The DevOps movement is one of the formidable interventions in the world of software development in recent times. Many tools make the job for DevOps professionals easier with diverse functionalities. However, one of the best DevOps tools is Chef. If you are new to the DevOps landscape, then you must need a detailed Chef introduction.

Chef is a configuration management tool and provides automation of infrastructure management. Chef’s automation capabilities also help in the translation of infrastructure into code. DevOps engineers and system admins face considerable issues in the deployment of new services and applications, ensuring the readiness of the machine server for deployment and installation and updates of network packages. As a result, enterprises end up consuming a massive load of human resources and physical efforts.

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In such scenarios, configuration management tends to be an apt solution. Configuration management tools such as Chef can help in deploying, repairing, and updating the whole application infrastructure through automation. A better understanding of what is Chef and the components of Chef can help readers anticipate the significance of Chef in the modern-day DevOps ecosystem.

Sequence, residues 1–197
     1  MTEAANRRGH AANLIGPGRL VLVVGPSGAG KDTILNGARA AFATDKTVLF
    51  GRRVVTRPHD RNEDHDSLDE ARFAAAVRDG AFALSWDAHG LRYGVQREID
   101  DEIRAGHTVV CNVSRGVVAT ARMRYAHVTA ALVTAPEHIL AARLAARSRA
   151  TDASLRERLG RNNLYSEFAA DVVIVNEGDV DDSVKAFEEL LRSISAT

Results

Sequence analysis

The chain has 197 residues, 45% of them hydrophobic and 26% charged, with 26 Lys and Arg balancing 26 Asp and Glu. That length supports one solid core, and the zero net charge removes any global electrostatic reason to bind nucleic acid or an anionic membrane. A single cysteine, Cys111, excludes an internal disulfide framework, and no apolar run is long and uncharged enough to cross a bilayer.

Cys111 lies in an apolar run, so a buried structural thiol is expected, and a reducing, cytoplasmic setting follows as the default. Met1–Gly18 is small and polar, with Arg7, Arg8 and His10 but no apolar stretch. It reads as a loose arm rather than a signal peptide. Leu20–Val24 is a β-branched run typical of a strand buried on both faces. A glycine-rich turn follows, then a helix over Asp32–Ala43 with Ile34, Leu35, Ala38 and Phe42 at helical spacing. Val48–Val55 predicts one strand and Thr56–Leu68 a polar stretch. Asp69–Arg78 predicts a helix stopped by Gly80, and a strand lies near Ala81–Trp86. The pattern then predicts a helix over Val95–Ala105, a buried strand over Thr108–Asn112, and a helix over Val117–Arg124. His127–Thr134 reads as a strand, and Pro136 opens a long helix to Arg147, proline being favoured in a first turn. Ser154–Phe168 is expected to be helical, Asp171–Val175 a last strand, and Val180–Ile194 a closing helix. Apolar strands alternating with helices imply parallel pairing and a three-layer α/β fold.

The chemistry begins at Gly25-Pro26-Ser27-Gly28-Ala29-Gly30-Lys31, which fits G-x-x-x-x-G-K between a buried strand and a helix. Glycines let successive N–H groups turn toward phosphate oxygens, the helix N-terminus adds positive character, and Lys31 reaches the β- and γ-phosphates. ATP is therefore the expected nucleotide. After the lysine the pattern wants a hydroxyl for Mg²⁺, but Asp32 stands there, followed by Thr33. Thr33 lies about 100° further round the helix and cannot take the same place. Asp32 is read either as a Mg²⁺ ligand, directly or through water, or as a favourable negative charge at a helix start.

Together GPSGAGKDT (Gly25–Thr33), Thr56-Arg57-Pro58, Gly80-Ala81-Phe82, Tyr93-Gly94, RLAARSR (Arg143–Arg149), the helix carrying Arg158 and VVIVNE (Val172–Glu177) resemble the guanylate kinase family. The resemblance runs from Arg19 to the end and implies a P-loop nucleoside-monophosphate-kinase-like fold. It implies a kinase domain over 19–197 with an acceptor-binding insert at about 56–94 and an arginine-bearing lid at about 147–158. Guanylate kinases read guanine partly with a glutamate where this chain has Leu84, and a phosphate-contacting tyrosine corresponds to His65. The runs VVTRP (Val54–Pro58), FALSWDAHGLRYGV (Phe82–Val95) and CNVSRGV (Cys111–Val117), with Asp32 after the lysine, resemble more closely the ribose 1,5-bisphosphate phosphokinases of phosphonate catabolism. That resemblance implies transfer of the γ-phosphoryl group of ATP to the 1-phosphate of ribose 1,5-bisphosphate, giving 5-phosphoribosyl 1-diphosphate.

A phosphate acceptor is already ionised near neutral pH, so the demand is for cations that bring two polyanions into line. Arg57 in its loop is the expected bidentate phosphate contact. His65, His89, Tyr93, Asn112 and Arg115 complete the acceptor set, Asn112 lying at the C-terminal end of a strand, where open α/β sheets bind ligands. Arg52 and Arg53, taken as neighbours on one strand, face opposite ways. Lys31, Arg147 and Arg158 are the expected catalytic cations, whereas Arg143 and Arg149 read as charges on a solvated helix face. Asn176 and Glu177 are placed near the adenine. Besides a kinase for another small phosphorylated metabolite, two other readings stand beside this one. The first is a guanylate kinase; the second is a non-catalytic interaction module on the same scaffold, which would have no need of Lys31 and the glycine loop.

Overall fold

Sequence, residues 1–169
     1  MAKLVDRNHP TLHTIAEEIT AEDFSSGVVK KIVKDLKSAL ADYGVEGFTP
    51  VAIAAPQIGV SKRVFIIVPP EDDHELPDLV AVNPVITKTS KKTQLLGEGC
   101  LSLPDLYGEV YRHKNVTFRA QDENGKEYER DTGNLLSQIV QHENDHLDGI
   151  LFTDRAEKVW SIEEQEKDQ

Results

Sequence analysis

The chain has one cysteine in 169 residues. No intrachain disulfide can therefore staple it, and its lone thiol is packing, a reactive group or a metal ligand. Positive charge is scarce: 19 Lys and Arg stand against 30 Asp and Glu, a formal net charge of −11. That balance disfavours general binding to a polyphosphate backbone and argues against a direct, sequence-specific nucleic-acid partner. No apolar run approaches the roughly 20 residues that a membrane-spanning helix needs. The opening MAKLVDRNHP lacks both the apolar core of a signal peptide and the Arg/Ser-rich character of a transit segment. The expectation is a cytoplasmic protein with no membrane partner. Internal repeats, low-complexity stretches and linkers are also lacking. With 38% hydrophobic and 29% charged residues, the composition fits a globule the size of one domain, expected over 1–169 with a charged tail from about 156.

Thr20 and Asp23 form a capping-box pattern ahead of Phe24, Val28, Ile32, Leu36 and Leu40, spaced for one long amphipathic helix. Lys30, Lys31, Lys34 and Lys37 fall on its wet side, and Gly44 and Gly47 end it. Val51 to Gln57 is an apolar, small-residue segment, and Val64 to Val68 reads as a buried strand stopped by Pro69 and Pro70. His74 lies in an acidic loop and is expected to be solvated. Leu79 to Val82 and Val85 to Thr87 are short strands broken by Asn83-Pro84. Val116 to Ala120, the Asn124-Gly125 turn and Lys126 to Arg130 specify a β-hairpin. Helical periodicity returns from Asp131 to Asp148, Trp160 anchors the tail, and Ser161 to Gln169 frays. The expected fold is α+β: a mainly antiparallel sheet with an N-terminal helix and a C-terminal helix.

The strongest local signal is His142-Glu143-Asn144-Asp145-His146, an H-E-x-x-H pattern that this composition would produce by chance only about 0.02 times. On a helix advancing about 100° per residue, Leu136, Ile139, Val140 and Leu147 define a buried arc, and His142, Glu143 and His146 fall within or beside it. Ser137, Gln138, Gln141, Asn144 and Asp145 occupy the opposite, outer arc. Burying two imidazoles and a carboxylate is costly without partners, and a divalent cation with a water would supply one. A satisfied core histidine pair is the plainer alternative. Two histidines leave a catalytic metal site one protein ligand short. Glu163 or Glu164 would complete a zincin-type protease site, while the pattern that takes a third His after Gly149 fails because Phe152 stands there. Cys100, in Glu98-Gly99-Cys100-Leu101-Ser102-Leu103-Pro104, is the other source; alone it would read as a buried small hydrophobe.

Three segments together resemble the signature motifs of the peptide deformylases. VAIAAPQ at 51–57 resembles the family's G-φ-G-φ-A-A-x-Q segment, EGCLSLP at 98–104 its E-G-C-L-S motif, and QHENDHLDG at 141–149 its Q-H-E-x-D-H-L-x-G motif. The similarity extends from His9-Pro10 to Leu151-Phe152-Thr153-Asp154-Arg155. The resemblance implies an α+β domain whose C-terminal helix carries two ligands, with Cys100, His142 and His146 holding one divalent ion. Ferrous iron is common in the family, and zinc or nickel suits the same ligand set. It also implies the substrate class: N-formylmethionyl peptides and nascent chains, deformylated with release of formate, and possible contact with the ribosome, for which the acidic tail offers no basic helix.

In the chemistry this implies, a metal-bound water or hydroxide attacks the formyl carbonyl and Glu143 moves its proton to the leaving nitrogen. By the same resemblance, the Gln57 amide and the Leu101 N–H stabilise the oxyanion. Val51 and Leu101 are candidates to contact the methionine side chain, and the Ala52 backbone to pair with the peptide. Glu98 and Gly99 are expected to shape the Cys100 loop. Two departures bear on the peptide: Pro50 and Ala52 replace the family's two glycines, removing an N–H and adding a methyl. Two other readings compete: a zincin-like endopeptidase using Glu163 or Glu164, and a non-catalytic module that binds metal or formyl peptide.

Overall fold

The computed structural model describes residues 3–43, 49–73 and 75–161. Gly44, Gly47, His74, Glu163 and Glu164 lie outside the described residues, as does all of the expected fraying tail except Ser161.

The following discussion aims at presenting a detailed Chef introduction with insights into the different components in Chef Architecture. In addition, the discussion would also reflect on the features and benefits of chefs. 

Definition of Chef

The foremost aspect of any introductory guide to Chef is the definition of Chef. We have already discussed what is chef in the introduction above. It is basically a configuration management tool that helps in the management of infrastructure through writing code. Therefore, users don’t have to use manual processes, thereby availing easier automation, testing, and deployment of infrastructure. The client-server architecture of Chef helps in supporting multiple platforms such as Windows, Solaris, Ubuntu, and others.